"Put simply, we help companies with prototyping and characterization," David Sarphie, CEO of Bio Nano Consulting, told nanotechweb.org at the launch event in London's City Hall. "We also make sure that the work runs on schedule, by taking care of project management."

Sarphie has over a decade's worth of senior management expertise in drug delivery, diagnostics and medical device companies. He first honed his skills at Powderject Pharmaceuticals, a spin-out of Oxford University, UK, which was focused on needle-free drug-delivery technologies. Most recently, Sarphie was CEO of Oxford MediStress, a start-up developing a novel blood test for stress.

Other key players at Bio Nano Consulting include Gabriel Aeppli, director of the London Centre for Nanotechnology (LCN). Aeppli's research is currently centred on the implications of nanotechnology for information processing and healthcare. Tony Cass, research director at Imperial College's Institute of Biomedical Engineering, also joins the team. Cass is using engineered proteins and peptides in micro and nanostructured materials and devices for both clinical and high-throughput analysis.

Another high-profile member of the group is Mike Horton from UCL's department of medicine and director of life sciences at LCN. Horton is part of a team developing integrated confocal atomic force microscopy for studying single molecule cell physiology. The technique is being used to examine the structure and chemistry of collagen at the nanoscale and could help drive applications early in the drug development pipeline.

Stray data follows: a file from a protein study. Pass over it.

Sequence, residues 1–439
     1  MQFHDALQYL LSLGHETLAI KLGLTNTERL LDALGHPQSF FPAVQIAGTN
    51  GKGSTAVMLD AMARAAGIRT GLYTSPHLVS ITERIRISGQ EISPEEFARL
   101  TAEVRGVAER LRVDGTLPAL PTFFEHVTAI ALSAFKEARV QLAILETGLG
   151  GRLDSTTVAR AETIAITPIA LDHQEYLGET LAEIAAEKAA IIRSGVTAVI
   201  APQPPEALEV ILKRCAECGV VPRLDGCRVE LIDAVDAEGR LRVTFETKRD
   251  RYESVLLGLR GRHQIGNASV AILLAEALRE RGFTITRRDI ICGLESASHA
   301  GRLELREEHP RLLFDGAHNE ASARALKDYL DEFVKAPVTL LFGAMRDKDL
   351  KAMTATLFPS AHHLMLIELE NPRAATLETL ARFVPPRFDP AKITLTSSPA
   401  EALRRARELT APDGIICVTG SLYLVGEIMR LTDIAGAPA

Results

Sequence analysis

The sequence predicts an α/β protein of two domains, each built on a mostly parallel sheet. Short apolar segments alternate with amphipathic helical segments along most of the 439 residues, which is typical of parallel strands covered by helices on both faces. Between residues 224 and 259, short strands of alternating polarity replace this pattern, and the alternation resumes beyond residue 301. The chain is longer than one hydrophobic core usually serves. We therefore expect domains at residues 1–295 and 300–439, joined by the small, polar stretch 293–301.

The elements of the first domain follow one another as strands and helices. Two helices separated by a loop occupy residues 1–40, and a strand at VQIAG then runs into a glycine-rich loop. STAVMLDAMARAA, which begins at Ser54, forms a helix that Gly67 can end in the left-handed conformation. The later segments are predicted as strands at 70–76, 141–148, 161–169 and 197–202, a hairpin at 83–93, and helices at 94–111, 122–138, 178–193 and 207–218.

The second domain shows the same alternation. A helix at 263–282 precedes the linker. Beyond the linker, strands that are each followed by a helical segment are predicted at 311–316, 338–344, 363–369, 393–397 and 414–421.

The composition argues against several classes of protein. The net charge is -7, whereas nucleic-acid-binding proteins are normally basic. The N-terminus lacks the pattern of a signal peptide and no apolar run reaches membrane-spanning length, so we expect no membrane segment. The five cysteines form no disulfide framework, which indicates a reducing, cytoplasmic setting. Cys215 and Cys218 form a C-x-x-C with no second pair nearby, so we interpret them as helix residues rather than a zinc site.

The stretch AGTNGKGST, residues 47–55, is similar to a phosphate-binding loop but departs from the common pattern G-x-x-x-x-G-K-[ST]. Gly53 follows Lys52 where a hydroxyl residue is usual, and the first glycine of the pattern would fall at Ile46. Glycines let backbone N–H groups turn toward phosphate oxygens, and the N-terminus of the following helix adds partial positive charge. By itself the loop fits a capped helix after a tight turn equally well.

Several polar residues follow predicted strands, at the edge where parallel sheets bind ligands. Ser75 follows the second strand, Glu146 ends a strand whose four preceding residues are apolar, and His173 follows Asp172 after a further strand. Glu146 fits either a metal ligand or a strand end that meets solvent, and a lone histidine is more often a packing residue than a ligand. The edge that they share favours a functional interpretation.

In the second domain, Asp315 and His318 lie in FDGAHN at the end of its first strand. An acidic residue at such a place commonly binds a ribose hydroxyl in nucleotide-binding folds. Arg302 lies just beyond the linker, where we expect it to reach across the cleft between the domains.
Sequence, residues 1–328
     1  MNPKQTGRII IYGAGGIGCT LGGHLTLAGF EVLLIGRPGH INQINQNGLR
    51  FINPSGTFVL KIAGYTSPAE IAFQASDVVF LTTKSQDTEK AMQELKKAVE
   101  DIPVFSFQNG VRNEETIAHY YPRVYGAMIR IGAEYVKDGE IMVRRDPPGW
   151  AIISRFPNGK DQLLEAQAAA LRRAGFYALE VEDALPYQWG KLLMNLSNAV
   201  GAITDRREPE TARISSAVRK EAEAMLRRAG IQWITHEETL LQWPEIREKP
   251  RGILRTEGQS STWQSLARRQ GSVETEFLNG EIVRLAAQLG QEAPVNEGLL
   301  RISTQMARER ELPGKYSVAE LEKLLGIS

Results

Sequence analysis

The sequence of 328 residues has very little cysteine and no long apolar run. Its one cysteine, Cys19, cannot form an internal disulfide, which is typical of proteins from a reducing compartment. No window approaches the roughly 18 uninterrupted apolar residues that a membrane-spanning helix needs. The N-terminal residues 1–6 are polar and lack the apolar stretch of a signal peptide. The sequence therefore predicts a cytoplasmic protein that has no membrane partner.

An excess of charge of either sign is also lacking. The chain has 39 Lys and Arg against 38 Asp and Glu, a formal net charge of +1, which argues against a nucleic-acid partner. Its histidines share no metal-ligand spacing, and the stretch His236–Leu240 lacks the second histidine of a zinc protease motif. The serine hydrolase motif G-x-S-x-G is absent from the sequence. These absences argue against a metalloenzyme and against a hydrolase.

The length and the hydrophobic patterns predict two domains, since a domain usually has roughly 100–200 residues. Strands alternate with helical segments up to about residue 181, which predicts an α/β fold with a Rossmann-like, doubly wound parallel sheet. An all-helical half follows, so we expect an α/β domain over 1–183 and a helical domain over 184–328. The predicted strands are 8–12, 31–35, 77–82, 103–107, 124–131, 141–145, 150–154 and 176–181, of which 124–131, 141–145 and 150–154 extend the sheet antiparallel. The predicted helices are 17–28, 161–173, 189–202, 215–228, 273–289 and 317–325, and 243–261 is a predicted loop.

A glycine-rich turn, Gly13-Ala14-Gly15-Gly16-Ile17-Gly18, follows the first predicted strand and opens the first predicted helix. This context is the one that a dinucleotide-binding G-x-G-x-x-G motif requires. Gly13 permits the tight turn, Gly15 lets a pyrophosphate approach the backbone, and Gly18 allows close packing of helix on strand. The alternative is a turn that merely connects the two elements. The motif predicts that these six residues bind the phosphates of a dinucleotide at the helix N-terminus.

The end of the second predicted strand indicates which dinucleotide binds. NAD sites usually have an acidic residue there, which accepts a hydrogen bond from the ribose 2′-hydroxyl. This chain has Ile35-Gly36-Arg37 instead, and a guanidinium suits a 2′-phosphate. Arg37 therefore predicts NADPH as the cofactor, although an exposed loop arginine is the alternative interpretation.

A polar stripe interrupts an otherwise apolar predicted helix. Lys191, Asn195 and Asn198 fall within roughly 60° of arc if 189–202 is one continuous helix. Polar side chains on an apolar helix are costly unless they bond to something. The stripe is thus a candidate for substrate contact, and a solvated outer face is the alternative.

Bio Nano Consulting benefits from £5 million in funding through the UK's Technology Strategy Board and the London Development agency. The National Physical Laboratory (NPL) is also a partner and provides research expertise in biopharamaceuticals, biodiagnostics, nanotoxicology, sensors and medical devices.

Case studies

One of Bio Nano Consulting's early success stories is a nano-cantilever array system that allows different biomolecules to be detected at the same time. The device works by monitoring the bending of each cantilever, which occurs as target analytes bind to the specially coated cantilever surfaces. Highly sensitive, the set-up is able to detect the added mass of a single bacterium.

Bio Nano Consulting is using this technique to assist a US-based pharmaceutical company in understanding the mechanism of action of a novel antibiotic.

Other projects underway include the characterization of nanoparticles for use in drug delivery and diagnostics, as well as the development of an innovative magnetic probe for breast cancer staging and surgical applications.